March 12, 2001
Vision + Action = New church home
by Jeanette Knutson
This isn't a story about a struggle between salmon and souls. It's not the story of an imposed moratorium on the building of new public and private schools and churches in rural areas.
It's the story of how a group of people banded together over the course of 10 years to grow in vitality and faith and to ultimately seek a home of their own in the form of a new church, the Woodinville Unitarian Universalist Church.
Ten years ago, area and national church leaders determined Woodinville would be a great place to have a Unitarian Universalist Church. So with tutelage and monetary support from regional congregations and leadership from the organizing minister, the Rev. Barbara Wells, close to 100 congregants began meeting at the unrenovated Hollywood Schoolhouse.
"Some of the original members were from other congregations and it was understood that they would return to their congregations once the new congregation was seeded," said the current pastor, the Rev. Alan Taylor.
And the charm of the Hollywood Schoolhouse ‹ red bricks, paned windows, hardwood floors and all ‹ provided a fine first church home for the congregation. But it wasn't necessarily easy.
Children had religious education downstairs and were often quieted because their clear voices resounded up into the service area.
Laughing as he remembered how they made a schoolhouse into a church once a week, Bob Ditzler, church member and building contractor for the new church said, "We used to joke about having a church-in-a-box."
In and out of their cars and up and down the stairs congregants lugged boxes of worship and church school materials week after week.
But in less than a year the owners of the schoolhouse decided to remodel, and the church found its second home in downtown Woodinville, in office space behind the 175th Street Station complex. Dressing up the spartan building with curtains, a banner, ceiling flags and a faux stained-glass wall mural lent a certain appeal to what some members called "the warehouse." Nevertheless, the church community thrived in its new location where they held not only worship but concerts, Halloween parties, pancake breakfasts, dances and youth group overnights.
Unfortunately rent climbed to $8,000 a month and the group decided they couldn't afford it.
"For a church, that's a lot of money," said Taylor. They paid that amount for a couple months. "There was considerable commitment from the beginning," said Taylor. Yet it was about then that the members made up their minds to save for their own church rather than to merely rent.
In order to economize, congregants rented temporary lodgings from the Northshore United Church of Christ, just north of Mack's corner.
"To demonstrate what lovely hosts they are ... how deeply gracious they've been [to share their church with us] ... you have to know that our congregation is made up of Christians, non-Christians, Jews, pagans, agnostics, atheists ... and there was a large cross at the front of the church that made some of our people uncomfortable. [Our hosts] took down the cross and artists from both congregations made a huge 30-foot tall banner that wove symbols from both churches into one tapestry."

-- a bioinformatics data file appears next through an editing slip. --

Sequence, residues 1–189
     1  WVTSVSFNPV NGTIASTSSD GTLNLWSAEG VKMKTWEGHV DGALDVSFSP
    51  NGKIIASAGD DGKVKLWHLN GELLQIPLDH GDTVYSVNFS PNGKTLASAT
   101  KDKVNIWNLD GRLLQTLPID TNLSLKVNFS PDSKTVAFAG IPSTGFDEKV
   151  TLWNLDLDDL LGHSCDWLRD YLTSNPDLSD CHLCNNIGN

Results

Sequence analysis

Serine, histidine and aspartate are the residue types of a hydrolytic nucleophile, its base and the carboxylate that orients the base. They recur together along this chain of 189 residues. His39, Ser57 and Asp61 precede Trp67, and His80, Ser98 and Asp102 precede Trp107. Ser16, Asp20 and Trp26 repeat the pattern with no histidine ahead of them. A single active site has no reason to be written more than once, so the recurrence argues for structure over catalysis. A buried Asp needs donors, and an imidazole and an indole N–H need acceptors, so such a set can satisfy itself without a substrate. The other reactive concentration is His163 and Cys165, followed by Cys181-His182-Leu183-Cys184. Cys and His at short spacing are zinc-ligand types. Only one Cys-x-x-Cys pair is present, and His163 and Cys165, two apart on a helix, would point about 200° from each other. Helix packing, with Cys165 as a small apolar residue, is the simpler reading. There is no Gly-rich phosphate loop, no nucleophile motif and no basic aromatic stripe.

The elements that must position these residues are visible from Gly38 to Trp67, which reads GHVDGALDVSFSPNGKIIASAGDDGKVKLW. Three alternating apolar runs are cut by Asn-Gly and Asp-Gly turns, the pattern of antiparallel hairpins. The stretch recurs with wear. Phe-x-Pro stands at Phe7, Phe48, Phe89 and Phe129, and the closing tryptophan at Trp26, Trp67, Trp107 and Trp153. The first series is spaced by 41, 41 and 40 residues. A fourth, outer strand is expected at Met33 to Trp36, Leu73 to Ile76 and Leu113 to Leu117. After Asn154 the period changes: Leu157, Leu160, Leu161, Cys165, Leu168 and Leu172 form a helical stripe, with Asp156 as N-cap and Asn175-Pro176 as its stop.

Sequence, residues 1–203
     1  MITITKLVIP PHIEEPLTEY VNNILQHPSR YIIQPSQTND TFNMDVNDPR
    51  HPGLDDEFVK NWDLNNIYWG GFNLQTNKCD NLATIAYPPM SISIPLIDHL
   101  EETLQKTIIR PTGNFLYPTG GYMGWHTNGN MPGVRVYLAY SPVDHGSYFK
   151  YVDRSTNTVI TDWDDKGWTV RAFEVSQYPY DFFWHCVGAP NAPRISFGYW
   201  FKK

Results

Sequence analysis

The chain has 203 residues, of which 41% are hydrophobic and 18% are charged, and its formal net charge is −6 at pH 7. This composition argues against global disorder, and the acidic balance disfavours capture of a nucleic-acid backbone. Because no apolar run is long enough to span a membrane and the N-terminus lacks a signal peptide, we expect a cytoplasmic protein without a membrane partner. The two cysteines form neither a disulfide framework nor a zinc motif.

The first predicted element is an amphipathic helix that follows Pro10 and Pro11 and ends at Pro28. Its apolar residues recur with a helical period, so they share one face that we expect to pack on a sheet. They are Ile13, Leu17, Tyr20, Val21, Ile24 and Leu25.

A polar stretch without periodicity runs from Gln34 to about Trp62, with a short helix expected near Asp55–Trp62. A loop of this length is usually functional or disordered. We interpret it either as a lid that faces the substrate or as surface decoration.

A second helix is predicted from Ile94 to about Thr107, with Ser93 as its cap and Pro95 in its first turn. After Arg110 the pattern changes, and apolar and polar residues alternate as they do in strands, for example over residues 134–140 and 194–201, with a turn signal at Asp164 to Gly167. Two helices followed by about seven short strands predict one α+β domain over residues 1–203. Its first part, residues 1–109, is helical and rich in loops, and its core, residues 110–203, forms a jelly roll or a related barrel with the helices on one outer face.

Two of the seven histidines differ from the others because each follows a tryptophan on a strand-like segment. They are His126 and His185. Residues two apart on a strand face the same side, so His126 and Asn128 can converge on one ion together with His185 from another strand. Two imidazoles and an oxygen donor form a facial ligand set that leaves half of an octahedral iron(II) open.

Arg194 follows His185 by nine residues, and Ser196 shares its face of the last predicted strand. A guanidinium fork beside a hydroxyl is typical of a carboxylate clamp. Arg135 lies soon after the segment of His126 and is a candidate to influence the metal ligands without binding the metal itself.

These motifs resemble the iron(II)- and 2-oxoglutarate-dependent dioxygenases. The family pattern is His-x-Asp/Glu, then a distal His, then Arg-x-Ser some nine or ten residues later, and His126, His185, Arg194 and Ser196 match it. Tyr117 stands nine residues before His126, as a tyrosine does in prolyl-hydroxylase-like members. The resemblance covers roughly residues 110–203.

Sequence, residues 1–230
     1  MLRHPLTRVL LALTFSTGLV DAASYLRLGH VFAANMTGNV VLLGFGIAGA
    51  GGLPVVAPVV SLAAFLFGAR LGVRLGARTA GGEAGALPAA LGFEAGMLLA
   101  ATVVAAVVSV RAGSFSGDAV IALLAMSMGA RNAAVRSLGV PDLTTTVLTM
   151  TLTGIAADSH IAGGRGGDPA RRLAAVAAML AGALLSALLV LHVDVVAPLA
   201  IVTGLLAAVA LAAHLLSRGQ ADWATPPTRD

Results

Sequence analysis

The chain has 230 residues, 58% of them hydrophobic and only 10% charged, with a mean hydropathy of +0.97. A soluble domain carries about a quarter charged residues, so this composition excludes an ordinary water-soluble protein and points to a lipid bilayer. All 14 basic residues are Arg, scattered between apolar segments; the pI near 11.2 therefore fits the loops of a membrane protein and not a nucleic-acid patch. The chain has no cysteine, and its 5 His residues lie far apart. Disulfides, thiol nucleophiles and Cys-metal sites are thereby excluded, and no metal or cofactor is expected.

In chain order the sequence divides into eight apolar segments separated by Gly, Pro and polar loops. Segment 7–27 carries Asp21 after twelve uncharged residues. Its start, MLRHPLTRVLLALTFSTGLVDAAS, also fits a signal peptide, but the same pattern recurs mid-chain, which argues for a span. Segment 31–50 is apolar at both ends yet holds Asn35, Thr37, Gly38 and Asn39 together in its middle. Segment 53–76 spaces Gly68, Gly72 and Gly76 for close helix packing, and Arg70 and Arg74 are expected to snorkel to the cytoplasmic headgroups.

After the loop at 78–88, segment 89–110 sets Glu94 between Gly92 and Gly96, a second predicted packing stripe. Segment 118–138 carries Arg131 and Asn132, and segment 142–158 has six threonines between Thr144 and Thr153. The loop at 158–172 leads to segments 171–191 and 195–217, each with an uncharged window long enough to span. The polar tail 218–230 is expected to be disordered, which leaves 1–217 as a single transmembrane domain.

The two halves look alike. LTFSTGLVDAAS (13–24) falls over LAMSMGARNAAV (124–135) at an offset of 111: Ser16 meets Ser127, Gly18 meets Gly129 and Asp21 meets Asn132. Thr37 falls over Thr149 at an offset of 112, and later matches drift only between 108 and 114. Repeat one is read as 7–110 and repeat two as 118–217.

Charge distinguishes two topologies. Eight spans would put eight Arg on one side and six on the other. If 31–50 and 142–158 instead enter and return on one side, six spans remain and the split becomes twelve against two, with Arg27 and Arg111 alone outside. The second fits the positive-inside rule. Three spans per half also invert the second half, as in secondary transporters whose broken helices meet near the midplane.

And for most of the year that banner graces the front of the church, a church two very different denominations share.
Taylor explained, "Ours is a values-based community, not a belief-based community. The question is not what do you believe, but rather, how do you live. We are welcoming and affirming of gays and lesbians, seeking to be inclusive, with the belief that gays and lesbians are just like anyone else. We affirm healthy relationships, heterosexual or homosexual."
And their congregation continues to grow ‹ in numbers and conviction. Over the past two years they have raised $900,000 and have purchased 5.7 wooded acres just west of the intersection of Woodinville-Duvall and Avondale roads, across from Cottage Lake Park. They have had building plans drawn by architect Carlos Sierra and are deep into the permitting process, a fact that apparently exempts them from the aforementioned Metropolitan King County Council ten-month moratorium on permits for new churches and schools in rural areas. Phase I of the congregation's building program will unfold with a 6,392-square-foot building, well-situated on their wooded site. It will contain a large foyer, a Sanctuary seating 175, three classrooms, a kitchen, administrative offices and a library/classroom. As they continue to grow, additions to the church will meet increased needs. Phase II ‹ which will be built when congregants deem it necessary, according to Taylor ‹ will add 2,253 square feet to the building, with three permanent and larger religious education rooms. Space two rooms took from the Sanctuary during original construction will then be available to enlarge the Sanctuary so that it will seat 250.
"We place a high focus on social reform," added Taylor. "We believe in making this world a better place to live. We have more faith in living with integrity and making a difference in the world than in affirming a particular creed or theological statement."
But Taylor admitted the church has taken a more spiritual bent in the last 20 to 25 years.
"Our faith tradition does a good job 'feeding the head,' he said. "Our growing edge is to also feed the heart and soul."
And even though this 126-member community-minded congregation meets on Sunday evenings at 5 p.m., they have somehow managed to grow.
Their hope is to accomplish all the more in their new home - once the permitting procedure is complete.
Famous Unitarians and Universalists
Principles of Unitarian Universalism